When you attend a live theater performance there is typically some advanced planning involved, including securing the tickets, allowing time to park, and possibly having a meal beforehand. Maybe you’ve planned a special outfit for a night on the town?
Your preparations are nothing compared to the organization and planning it takes for the venue itself to deliver a seamless, and seemingly effortless, night at the theater. And, at The Washington Center for the Performing Arts, they couldn’t do it without their army of loyal, talented volunteers.
Throughout its history, volunteerism has played a key role at The Washington Center. By keeping paid staff to a minimum, the non-profit organization can fulfill their mission to provide a low-cost venue for performing arts groups within our region, support arts education opportunities, and offer fair and equitable access to the entire community. Volunteers fill the many roles needed to provide a professional level theater experience and The Washington Center has a committed crew ready to go for each show.
Volunteer coordinator Stacy Hicks ensures each show is fully staffed from set up crews to concessions to ushers. “Currently we have over 250 volunteers in our system with about 180 of those considered active with four or more hours of service,” she shares. “Several of our volunteers have 300+ hours logged in the past eight-month period.” In addition, Hicks shares that many volunteers have been with The Washington Center for 10, 20, or even 30 years. Dedication isn’t the exception, but the norm for this group.
There are a variety of roles outside the front of house jobs. “Volunteers don’t always want to be out in the lobby or at The Washington Center in the evenings and we have plenty of other options and work to be done,” says Hicks.
Volunteer opportunities include supporting the art installations inside The Washington Center lobby or at The Gallery at the Kenneth J Minnaert Center for the Arts,. Volunteers work with the Olympia Downtown Association on joint events such as the Washington Street Block Party. Support is also needed in the office, stuffing ticket envelopes, restocking first aid kits, and other general office support. “We have such a wide variety of options for volunteers. We want to empower people to step up and choose something that is a good fit for them,” explains Hicks.
To manage all 250 of these eager helpers, The Washington Center uses a simple online system where volunteers can access schedules and available shifts and sign up online. “Having the online system really puts the volunteer opportunity in their hands and in their control,” Hicks explains. It also saves a ton of time for Hicks during the busy theater season.
Why does The Washington Center attract so many volunteers? Well, to start with, you get to see professional entertainment, along with community arts groups, for free. Yes, free. “Volunteers typically get to see about 90-95% of a show,” says Hicks. They might miss the very beginning or ending as they prepare for patrons to enter or exit the lobby, but they aren’t complaining. Volunteers also earn discounts for shows after a certain number of hours are worked.
After 28 years of volunteering, Margo Eytinge still loves her time at The Washington Center. “The patrons are wonderful and interesting and come to enjoy a wide variety of music and shows which brings in a diverse crowd. As a single mother of three daughters I would not be able to afford a lot of the shows [without the volunteer opportunity].”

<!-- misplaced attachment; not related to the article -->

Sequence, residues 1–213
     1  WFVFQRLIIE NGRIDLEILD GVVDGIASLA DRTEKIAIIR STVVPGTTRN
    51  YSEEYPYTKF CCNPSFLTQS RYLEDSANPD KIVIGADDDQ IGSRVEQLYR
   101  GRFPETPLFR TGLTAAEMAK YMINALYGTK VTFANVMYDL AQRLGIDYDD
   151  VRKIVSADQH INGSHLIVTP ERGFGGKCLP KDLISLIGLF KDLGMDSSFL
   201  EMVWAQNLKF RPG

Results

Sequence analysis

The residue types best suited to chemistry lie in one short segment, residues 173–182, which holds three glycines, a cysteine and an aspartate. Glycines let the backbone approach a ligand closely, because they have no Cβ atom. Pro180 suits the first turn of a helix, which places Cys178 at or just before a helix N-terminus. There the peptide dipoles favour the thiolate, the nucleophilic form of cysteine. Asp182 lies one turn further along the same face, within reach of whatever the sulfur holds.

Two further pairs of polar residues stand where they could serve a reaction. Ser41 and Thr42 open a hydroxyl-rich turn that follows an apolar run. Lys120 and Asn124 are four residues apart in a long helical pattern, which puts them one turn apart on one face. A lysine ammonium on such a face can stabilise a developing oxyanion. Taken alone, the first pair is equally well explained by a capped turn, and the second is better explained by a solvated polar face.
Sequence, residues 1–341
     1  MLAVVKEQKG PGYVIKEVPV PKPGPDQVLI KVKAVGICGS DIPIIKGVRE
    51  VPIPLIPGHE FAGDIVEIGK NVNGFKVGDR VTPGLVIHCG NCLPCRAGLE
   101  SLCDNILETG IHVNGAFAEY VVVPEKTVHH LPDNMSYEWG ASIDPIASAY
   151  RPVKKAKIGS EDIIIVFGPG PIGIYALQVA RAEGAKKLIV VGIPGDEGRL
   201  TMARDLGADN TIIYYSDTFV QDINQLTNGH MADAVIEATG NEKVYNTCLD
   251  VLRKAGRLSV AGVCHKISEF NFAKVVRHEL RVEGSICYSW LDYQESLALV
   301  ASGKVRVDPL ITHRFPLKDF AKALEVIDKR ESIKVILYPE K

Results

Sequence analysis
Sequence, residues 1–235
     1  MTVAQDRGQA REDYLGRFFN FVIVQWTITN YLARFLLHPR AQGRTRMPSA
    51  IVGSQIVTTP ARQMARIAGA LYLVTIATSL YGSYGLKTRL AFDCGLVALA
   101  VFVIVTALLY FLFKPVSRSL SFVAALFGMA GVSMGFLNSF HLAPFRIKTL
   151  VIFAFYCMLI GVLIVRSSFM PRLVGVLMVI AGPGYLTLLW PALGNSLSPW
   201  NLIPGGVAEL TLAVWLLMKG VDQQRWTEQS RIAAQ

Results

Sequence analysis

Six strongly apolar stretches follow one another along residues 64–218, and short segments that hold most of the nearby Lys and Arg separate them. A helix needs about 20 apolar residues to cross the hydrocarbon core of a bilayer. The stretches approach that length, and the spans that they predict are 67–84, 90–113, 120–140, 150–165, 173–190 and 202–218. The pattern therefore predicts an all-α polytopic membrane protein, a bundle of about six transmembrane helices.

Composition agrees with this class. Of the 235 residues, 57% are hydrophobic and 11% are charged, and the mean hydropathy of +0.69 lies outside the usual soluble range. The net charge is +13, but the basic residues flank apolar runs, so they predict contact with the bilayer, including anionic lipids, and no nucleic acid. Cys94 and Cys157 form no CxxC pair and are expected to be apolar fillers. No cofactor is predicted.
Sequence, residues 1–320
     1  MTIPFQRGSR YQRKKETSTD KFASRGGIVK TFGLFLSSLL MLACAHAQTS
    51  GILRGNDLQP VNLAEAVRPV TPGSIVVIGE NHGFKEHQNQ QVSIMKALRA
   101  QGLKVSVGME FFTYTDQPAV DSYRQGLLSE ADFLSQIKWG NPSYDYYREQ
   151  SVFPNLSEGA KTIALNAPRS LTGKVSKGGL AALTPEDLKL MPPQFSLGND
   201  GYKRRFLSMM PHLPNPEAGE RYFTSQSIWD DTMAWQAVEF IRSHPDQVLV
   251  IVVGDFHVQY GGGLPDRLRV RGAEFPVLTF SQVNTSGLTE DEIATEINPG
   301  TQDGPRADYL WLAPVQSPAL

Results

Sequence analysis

In addition to long-time adult volunteers, many students volunteer at The Washington Center, earning community service hours required by their school. Starting at age 16, anyone who has taken The Washington Center’s volunteer training is eligible to volunteer.
But the real reason people volunteer is they are passionate about the arts, downtown Olympia, and our community as a whole. “Our volunteers are amazing. They bring such an energy to The Washington Center,” says Chad Carpenter, Director or Event Services. “The longtime volunteers help the new volunteers get started and it all feels a bit like a family.”
Kathleen Heidenreich is a member of that extended family. “I have been retired from education for four years and find that volunteering keeps me connected to the community,” Heidenreich shares. “I love the interaction with the people at The Washington Center – patrons, staff and other volunteers. Of course, the opportunity to experience all The Washington Center has to offer is a wonderful reward.” Heidenreich loves taking tickets and feeling the excitement build as patrons anticipate the performance.
The Washington Center “family” doesn’t just gather at the theater. “Many of our volunteers get to know each other well and end up doing things together like hiking or biking or just walking around the lake,” Carpenter continues. “This is a social outlet for them, not just a community service, and they really take care of each other.”
The Washington Center has been a downtown hub since its opening in 1985 and volunteers overwhelmingly support its purposeful involvement in creating a better downtown. “The Washington Center brings a variety of entertainment to downtown Olympia – music, theater, comedy, novelty acts – something for everyone,” shares Heidenreich.
That variety includes community groups like Masterworks Choral Ensemble, Ballet Northwest, SOGO and many more. The inclusiveness of The Washington Center is what keeps patrons and volunteers alike coming back for more.
“Whatever walk of life our volunteers are from,” says Carpenter, “The Washington Center is their common ground, one that they are all passionate about.”
Visit The Washington Center for the Performing Arts volunteer page to learn more.